circshift(A, shifts) first circularly shifts indices of A rows by shifts(1), then the indices of A columns by shifts(2), then indices of A layers by shifts(3), etc.

Cheers,

Antoine

(& Happy New Year to all!)

Le 23/12/2017 à 19:06, Samuel Gougeon a écrit :
Dear co-scilabers,

After the wish reported at http://bugzilla.scilab.org/7293 in 2010,
some cshift() function was proposed on the FileExchange at
http://fileexchange.scilab.org/toolboxes/161000 to provide a way
to circularly shift the rows or columns of a matrix or an hypermatrix.

In order to include this basic but non-trivial feature in Scilab 6.1,
a Scilab Enhancement Proposal is posted on review at
https://codereview.scilab.org/#/c/19625/

Proposed features are described in the help page in PDF format in attachment.

Every comment is welcome.

Best regards
Samuel Gougeon



_______________________________________________
users mailing list
[hidden email]
http://lists.scilab.org/mailman/listinfo/users



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Rafael Guerra Rafael Guerra
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Re: circshift() : Scilab Enhancement Proposal

In reply to this post by Antoine Monmayrant

Samuel,

 

As requested, some further feedback on circshift:

 

  • The proposed syntax seems to be compatible with Matlab’s circshift while adding extra functionality, which is very positive

 

  • To add to the wish list: if the input matrix represents a regularly sampled function, it would be useful to have in Scilab a generalization of circshift allowing non-integer shifts, also to have option for non-circular shifts and for padding with zeros

 

Best Wishes for 2018!

 

Rafael

 

 

Le 23/12/2017 à 19:06, Samuel Gougeon a écrit :

Dear co-scilabers,

After the wish reported at
http://bugzilla.scilab.org/7293
in 2010,
some cshift() function was proposed on the FileExchange at
http://fileexchange.scilab.org/toolboxes/161000 to provide a way
to circularly shift the rows or columns of a matrix or an hypermatrix.

In order to include this basic but non-trivial feature in Scilab 6.1,
a Scilab Enhancement Proposal is posted on review at
https://codereview.scilab.org/#/c/19625/

Proposed features are described in the help page in PDF format in attachment.

Every comment is welcome.

Best regards
Samuel Gougeon




_______________________________________________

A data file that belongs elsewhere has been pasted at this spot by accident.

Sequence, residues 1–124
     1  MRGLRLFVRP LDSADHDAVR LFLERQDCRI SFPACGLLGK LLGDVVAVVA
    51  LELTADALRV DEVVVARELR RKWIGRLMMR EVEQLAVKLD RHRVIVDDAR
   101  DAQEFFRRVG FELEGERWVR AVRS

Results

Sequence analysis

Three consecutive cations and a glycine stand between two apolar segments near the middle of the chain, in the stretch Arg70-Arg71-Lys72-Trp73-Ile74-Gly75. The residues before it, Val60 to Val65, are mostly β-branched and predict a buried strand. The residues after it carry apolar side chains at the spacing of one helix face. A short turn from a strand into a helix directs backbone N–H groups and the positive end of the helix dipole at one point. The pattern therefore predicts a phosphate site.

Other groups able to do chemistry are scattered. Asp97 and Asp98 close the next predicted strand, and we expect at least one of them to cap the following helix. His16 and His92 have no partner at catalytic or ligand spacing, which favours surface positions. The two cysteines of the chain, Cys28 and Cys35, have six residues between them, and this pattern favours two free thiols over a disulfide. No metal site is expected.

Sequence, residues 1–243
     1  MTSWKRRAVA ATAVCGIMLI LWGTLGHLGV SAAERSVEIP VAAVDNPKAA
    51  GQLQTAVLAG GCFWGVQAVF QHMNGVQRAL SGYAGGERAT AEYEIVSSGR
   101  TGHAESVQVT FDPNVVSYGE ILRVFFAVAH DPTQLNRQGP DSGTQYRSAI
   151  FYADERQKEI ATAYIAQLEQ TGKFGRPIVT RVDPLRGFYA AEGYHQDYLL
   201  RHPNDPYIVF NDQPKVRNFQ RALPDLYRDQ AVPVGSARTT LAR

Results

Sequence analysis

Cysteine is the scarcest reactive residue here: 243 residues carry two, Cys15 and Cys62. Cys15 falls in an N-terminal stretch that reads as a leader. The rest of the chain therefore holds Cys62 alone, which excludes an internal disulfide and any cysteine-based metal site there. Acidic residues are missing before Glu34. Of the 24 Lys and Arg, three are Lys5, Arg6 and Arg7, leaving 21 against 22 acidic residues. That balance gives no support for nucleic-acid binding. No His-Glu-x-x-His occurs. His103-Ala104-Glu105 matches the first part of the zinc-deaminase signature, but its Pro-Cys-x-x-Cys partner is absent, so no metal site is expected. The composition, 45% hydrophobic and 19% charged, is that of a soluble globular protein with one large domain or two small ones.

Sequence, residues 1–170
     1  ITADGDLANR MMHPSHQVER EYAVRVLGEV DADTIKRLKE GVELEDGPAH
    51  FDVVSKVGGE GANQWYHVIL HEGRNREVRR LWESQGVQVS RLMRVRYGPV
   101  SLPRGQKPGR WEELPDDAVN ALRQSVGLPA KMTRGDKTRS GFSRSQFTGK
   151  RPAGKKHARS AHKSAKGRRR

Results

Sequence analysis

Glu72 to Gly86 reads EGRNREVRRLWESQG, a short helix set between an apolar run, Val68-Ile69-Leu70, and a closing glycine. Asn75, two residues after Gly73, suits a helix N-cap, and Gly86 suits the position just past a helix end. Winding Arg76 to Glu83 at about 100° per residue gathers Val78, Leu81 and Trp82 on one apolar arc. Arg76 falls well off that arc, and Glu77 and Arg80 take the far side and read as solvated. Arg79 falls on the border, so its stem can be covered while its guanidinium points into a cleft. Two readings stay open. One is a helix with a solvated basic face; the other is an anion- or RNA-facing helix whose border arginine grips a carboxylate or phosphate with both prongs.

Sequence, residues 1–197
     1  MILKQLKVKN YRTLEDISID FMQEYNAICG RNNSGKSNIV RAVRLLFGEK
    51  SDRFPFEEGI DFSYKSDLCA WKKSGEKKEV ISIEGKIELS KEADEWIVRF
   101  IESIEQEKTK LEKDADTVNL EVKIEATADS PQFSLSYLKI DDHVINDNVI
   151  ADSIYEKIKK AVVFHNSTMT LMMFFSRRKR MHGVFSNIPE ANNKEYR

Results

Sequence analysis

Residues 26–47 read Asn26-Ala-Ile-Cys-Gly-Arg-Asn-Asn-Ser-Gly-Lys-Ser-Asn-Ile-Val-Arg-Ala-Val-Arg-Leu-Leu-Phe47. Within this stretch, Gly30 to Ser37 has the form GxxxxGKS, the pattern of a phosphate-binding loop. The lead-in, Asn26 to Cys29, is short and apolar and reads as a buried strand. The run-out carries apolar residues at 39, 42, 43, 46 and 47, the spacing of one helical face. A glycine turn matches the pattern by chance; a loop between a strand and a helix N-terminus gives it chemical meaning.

users mailing list
[hidden email]
http://lists.scilab.org/mailman/listinfo/users

 


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Samuel GOUGEON Samuel GOUGEON
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Re: circshift() : Scilab Enhancement Proposal

Thanks for your comments, Rafael.
I am answering in the body:

Le 03/01/2018 à 16:00, Rafael Guerra a écrit :

Samuel,

 

As requested, some further feedback on circshift:

 

  • The proposed syntax seems to be compatible with Matlab’s circshift while adding extra functionality, which is very positive

 

  • To add to the wish list: if the input matrix represents a regularly sampled function, it would be useful to have in Scilab a generalization of circshift allowing non-integer shifts,

As far as i understand, you are addressing here an interpolation feature rather than an indices-shifting one.
IMO, this is a job much closer to existing interp#() functions than to circshift(). Interpolations modes usually propose options to process edges, and other ones to chose an interpolation mode (linear, splines ,etc).
This is far beyond and out of the purpose of circshift(), that does not change values, just indices.

  • also to have option for non-circular shifts and for padding with zeros

Something like circshift(), without circ ;)
Padding is presently proposed throught resize_matrix(). But indeed, it does not propose left or top padded insertions.
This will become easy with circshift() as it is presently proposed. Example:

--> m = grand(3,4,"uin",0,9)
 m  =
   2.   5.   9.   3.
   2.   4.   5.   5.
   4.   1.   8.   5.

--> circshift(resize_matrix(m, [5,7]),[1,2])
 ans  =
   0.   0.   0.   0.   0.   0.   0.
   0.   0.   2.   5.   9.   3.   0.
   0.   0.   2.   4.   5.   5.   0.
   0.   0.   4.   1.   8.   5.   0.
   0.   0.   0.   0.   0.   0.   0.

The main resize_matrix() syntax is

resMat = resize_matrix(mat, nbRows, nbCols)

Specifying a vector of 2 components instead of a scalar for either nbrows or nbcols or both would enable specifying margins on both sides for each direction, instead of the new required sizes.